Tethered to the Future

Remedios Varo, trans. Margaret Carson, Letters, Dreams and Other Writings

Wakefield Press, 128pp, $14.95, ISBN 9781939663399

reviewed by Elisa Taber

Letters, Dreams and Other Writings is a collection of Remedios Varo’s writings translated into English by Margaret Carson. Varo, a Spanish-born painter, was a prominent figure of the Surrealist movement in Mexico. An ongoing exhibition at the Museum of Modern Art (MAM), Adictos a Remedios Varo (Addicted to Remedios Varo), which was preceded by a retrospective of the work of her close friend, Leonora Carrington, hints at her prominence in her adopted country. Varo’s texts are mythical and surrealist, ranging from a pseudo-scientific monograph claiming human beings evolved from rats to a recipe for a brew that induces erotic dreams, following a narrative thread weaving dreams and reality together to grant meaning to the inexplicable. Decrypting the logic that underlies her pictorial and prosaic universe, readers may transcend the stagnant sense of awe to interact with the beings and things that populate it, all of which are seen to be alive. In ‘Inventory of a World,’ a text on Varo’s work, Roger Caillois instructs the reader or viewer to ‘accept her facts the way you would the kingdoms, genus, species of another universe.’ Characters are defined by contacts through which they complement or repel each other amid a time and space of coincidence that might belong to a dystopic or utopic future or past.

The experimental care with which her androgynous protagonists handle beings and things is an essential characteristic of Varo’s paintings and writings. Picking up a tea cup is like disturbing a sleeping lion. In the painting Mimetismo (Mimicry), 1960, the central figure merges into the armchair where she is seated. On the obverse of a photograph of this work, included in Letters, Dreams, and Other Writings under the heading ‘Comments by Remedios Varo on Some of Her Paintings,’ she writes, ‘her hands and her feet are already as if they’d been lathed.’ Her hands resemble the ornate armrests of the chair and her feet, the delicate ends of the chair legs. Most impressive in the image itself, and in the artist’s description of it, are focus on the contact, or lack of contact, among flesh, wood, and metal. The tips of woman’s feet barely touch the wood-panelled floor, and her hands hover atop the armrests, while the leg of the table beside her wraps around the leg of her chair, and the leg of another chair picks a cloth out of one drawer of the wardrobe behind her. The animation of the room contrasts with the inanimacy of the human figure and the lively eyes of the cat peeping up through a hole in the floor.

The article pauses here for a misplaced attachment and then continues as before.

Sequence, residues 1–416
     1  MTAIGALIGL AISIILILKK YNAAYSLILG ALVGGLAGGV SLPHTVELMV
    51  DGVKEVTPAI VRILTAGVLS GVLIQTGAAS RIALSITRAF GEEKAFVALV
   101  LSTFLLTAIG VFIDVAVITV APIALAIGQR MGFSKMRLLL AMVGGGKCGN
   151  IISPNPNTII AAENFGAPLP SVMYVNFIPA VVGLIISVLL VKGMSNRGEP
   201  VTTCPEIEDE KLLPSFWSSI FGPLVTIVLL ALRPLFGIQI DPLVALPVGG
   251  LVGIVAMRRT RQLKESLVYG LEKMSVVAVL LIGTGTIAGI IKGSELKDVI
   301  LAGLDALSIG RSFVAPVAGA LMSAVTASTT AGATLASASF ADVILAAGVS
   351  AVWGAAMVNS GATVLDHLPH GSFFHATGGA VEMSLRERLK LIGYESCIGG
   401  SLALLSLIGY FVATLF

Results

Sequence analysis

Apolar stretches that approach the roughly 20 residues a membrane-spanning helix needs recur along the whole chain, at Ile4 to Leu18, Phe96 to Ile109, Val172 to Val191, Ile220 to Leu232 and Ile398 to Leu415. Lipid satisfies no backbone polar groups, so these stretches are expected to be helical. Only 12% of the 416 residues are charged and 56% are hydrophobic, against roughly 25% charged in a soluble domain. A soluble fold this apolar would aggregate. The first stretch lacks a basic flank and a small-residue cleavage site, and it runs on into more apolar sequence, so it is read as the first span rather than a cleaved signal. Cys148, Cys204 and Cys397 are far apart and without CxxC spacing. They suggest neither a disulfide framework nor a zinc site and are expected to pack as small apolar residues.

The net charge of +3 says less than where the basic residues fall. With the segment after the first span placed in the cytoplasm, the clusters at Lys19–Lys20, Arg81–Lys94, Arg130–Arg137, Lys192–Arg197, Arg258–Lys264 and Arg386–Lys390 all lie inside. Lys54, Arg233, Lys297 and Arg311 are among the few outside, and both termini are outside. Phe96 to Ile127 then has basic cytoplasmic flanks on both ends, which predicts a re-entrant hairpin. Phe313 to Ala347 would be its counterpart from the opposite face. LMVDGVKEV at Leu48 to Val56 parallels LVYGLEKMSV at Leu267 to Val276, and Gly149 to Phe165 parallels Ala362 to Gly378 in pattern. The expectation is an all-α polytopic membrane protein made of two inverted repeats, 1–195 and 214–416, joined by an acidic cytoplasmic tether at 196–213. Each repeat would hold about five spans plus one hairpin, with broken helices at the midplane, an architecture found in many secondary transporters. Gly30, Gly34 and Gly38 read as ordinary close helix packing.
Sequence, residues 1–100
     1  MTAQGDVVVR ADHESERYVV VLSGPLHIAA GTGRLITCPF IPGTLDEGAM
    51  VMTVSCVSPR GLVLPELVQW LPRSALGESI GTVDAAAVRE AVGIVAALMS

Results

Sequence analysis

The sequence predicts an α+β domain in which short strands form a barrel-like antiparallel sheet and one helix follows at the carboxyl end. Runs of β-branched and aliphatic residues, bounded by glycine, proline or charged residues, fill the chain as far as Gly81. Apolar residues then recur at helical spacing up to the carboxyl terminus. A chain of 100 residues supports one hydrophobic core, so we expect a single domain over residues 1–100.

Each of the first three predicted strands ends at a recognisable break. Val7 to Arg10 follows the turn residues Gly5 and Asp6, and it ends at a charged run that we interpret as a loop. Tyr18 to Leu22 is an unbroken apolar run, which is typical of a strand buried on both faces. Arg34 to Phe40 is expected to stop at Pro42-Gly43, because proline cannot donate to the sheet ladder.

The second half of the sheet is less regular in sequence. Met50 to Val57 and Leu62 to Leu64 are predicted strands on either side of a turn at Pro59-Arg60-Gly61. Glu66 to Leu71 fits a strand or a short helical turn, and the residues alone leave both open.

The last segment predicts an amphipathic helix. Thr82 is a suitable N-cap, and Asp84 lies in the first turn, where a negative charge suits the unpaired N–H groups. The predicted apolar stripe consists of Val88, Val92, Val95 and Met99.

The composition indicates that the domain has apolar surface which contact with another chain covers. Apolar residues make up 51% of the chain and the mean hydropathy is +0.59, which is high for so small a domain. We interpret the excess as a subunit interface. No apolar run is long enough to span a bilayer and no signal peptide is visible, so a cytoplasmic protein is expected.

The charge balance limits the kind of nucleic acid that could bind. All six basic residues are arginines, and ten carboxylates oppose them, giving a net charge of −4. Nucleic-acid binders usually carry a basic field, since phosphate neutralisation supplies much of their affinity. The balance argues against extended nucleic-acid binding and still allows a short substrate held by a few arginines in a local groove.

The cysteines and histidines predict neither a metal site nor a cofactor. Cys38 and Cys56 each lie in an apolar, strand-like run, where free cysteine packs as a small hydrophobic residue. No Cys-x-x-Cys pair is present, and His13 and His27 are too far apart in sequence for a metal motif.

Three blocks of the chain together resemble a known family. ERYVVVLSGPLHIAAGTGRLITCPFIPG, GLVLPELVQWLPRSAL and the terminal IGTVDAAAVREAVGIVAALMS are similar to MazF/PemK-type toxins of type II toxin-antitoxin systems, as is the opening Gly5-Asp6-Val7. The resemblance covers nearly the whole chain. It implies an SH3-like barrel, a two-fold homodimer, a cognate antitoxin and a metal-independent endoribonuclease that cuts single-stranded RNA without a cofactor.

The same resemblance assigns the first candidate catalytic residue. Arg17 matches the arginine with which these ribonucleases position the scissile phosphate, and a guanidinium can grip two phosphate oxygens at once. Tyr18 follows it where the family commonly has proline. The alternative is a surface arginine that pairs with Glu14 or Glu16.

Varo’s letters and dreams offer insight into her conception of humane phenomenology and the biographical elements in her paintings. In reference to the latter, the focus is not on events but on defining people by the way they interact with each other. In the letters she says as much explicitly, while in her dreams it is made clear through body language, rather than dialogues. For Octavio Paz, ‘she does not paint time but the instances in which time is still . . . she paints slowly the sudden apparitions.’ In a previously unpublished interview, Varo describes her working method: ‘I visualize it before I begin painting, and try to make it conform to the image I’ve already fashioned . . . I sometimes write as if I were making a sketch.’ Her texts become premonitions of ideas and her paintings their execution, and in this way recall Breton’s invocation, in his first Surrealist Manifesto, of ‘Psychic automatism in its pure state, by which one proposes to express-verbally, by means of the written word, or in any other manner–the actual functioning of thought. Dictated by thought, in the absence of any control exercised by reason, exempt from any aesthetic or moral concern.’

The texts in which she describes herself alone reveal Varo’s self-identification as a witch; today might consider herself a feminist. She outlines her ‘humane phenomenology,’ slightly ironically, in ‘Letter 7’, addressed to Mr. Gardner, the author of Witchcraft Today: ‘I don’t believe I’m endowed with any special powers, but instead with an ability to see relationships of cause and effect quickly, and this beyond the ordinary limits of common logic.’ Of lava, which acts independently rather than reactively, she expresses a ‘desire to understand it in order to, if possible, help it on its flight toward a less dense world.’ This element acquires particular biographical importance through its constant presence in Mexico, whose inhabitants track circular time to predict the next eruption, and where it defines the very features of the landscape.